Covid-19: Thousands of workers in tea farms risk losing jobs

Wednesday April 01 2020

Workers at Nandi Tea Estate Ltd in Nandi Hills. Thousands of workers in the tea industry now risk losing their jobs as multi-national companies implement strict guidelines aimed at fighting the spread of the Covid-19. PHOTO | FILE | NATION MEDIA GROUP


Thousands of workers in the tea industry now risk losing their jobs as multi-national companies implement strict guidelines aimed at fighting the spread of the Covid-19.

In the Rift Valley, some of the tea firms in Nandi, Kericho and Bomet counties have reduced shifts and cut down on the number of casual workers as they apply guidelines, including social distancing, to curb the spread of the coronavirus.

The Kenya Plantation and Agriculture Workers Union (KPAWU) has petitioned the tea companies to spare the workers from the sack, noting that it will impact negatively on their socio-economic welfare.


“The tea companies need to device mechanisms to cushion workers against further sackings while they ensure that they abide by guidelines meant to tame the spread of Covid-19,” Mr Eliakim Ochieng, KPAWU national vice-chairman said.

He asked the multi-national tea companies to provide adequate sanitisers and ease congestions in place of work and residential areas as the government intensifies the fight against the spread of the coronavirus.


“The tea companies should not take advantage of the coronavirus to replace workers with tea plucking machines which will result in the loss of jobs,” Mr Ochieng added.


This comes as tea companies on the world market slash buying prices as a result of surplus of the produce which has affected sales.

Most tea firms including James Finlay (Kenya) limited and Kaisugu Limited have reduced their prices by three and two shillings from Sh19 to Sh16 and Sh23 to Sh21 respectively due to declining global prices caused by oversupply.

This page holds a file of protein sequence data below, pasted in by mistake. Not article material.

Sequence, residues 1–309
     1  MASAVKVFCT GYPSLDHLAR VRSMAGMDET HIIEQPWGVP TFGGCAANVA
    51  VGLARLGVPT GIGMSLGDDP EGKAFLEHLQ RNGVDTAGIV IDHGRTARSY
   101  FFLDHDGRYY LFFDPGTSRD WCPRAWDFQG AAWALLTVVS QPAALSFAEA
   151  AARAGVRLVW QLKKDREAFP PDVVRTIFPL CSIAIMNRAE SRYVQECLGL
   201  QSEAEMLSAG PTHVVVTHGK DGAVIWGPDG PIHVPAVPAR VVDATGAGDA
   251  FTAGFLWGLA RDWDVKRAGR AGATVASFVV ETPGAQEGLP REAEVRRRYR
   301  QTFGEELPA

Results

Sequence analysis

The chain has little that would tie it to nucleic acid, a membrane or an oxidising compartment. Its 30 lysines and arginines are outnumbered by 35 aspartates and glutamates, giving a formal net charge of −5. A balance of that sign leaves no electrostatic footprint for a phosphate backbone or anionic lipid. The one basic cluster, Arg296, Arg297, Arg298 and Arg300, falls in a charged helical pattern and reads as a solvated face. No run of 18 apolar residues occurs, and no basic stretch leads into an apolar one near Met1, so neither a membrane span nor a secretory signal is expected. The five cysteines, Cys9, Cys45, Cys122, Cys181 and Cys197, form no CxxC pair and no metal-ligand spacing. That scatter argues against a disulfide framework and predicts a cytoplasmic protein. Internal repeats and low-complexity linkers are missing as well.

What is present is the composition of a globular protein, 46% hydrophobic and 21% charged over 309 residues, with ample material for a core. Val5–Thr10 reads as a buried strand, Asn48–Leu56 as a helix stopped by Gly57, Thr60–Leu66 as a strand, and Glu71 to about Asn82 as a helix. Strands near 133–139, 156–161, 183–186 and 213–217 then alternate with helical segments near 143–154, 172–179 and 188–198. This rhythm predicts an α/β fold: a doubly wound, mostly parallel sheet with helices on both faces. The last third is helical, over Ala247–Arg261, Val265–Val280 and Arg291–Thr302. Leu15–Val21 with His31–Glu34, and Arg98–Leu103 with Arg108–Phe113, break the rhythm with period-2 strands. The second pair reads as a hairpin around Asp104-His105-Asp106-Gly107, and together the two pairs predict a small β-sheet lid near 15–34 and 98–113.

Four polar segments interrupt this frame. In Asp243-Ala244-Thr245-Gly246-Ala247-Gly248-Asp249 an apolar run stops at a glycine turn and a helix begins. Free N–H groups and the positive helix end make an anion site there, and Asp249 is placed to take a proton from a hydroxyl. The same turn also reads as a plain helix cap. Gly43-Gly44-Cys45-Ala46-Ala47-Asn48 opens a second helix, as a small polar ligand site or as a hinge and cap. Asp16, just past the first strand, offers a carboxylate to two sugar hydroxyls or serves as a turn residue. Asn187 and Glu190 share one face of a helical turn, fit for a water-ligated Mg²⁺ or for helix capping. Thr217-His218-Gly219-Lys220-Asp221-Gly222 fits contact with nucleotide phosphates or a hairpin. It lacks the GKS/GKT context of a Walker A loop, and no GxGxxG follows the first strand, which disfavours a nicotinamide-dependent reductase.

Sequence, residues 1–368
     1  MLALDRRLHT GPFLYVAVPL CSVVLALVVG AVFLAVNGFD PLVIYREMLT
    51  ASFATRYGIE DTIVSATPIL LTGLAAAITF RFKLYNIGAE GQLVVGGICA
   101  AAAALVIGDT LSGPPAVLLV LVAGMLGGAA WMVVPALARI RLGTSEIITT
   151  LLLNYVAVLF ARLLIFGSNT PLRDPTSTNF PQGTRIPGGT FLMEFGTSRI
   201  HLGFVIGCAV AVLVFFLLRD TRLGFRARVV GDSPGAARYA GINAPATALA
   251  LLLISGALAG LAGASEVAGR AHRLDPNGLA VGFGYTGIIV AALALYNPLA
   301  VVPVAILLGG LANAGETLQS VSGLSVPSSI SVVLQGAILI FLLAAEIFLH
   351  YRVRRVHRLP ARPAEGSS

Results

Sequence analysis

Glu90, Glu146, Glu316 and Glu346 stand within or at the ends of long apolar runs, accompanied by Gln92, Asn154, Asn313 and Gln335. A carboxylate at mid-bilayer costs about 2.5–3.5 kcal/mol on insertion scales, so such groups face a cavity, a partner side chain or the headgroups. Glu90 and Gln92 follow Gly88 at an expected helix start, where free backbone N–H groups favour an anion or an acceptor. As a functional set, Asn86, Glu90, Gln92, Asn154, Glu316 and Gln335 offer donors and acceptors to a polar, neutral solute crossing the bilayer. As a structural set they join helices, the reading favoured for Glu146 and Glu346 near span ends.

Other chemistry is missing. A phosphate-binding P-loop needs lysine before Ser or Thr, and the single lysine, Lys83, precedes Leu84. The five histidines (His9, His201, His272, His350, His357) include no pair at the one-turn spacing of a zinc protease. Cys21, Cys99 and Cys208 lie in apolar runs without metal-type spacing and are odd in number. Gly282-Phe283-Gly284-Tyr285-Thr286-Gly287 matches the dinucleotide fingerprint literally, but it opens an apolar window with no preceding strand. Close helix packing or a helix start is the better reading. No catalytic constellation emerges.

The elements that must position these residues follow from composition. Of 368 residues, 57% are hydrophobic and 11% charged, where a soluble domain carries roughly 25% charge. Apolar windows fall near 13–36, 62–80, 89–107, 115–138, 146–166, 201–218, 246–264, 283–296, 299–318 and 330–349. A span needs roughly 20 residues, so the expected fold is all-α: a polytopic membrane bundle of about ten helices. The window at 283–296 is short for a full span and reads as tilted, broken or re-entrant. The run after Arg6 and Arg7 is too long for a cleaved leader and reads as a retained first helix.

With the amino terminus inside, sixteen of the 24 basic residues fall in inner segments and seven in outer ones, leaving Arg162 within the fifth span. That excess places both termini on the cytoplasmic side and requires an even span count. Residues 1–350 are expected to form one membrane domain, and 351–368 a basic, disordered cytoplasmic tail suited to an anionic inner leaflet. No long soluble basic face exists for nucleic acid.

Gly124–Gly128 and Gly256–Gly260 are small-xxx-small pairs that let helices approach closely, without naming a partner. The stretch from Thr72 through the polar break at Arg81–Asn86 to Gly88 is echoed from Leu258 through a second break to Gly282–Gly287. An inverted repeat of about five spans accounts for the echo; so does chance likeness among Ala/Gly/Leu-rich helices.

The global tea prices have dropped in the past few months sparking protests from farmers who have appealed to the government to introduce subsidies to enable them to continue cultivating the cash crop.


“Massive layoffs might not be unavoidable to cut down on such production costs like pruning, weeding and picking of green tea leaves,” said David Lang‘at from Saos, who has ventured into cultivation of eucalyptus trees which fetch better prices owing to increased demand for wood and related products.

Some of the small scale tea farmers who missed out on bonuses from the Kenya Tea Development Agency (KTDA) have stopped taking care of the crop and resorted to forestry, horticulture and dairy farming to cushion them from financial difficulties.


The tea farmers in Nandi and Vihiga counties received about Sh14 per kilogramme as bonus while their counterparts at Kapsara Tea Factory in Trans Nzoia County were paid Sh11 per kilogramme, which they said was too low, with some of them contemplating uprooting the cash crop and investing in other lucrative sub-sectors.

“The drop in world tea prices is a total blow considering that we have not recovered from the effects of frost and hailstones that destroyed the crop last year. It might take long before the prices pick up, subjecting us to heavy losses, unless new markets for the produce emerge,” said Mathew Too from Chepkumia in Nandi County.

Farmers in Nandi said they pay Sh8 per kilogramme to tea pickers and an additional Sh5 per kilogramme is deducted for building of new tea factories.

Former Kenya Tea Growers Association CEO Gideon Too and ex-Siret Tea Company manager Joseph Manjoy blamed political instability in tea buying countries for the declining prices.


“Political instability in such countries like Iraq and Egypt and are major factors which have forced tea prices on the world market to drop as compared to previous years,” Mr Too said.

Mr Manjoy said high fertiliser prices and increased labour costs are driving most farmers to scale down the acreage under tea bushes.

“There is need for the government to carry out an aggressive marketing strategy to find new buyers away from traditional ones to cushion farmers from further losses caused by the sliding prices,” Mr Manjoy said.

Kenya is the fourth tea producer in African and it exported 432 million kilos of purple tea in 2016.

Iran purchased 532,715 kilogrammes of tea last year, down from 590,111 in 2018. But the deadly coronavirus is likely to further affect the sales.

Pakistan is the leading export market for Kenyan tea, having imported 10.32 million kilos, accounting for 33 per cent of the total export volume last year.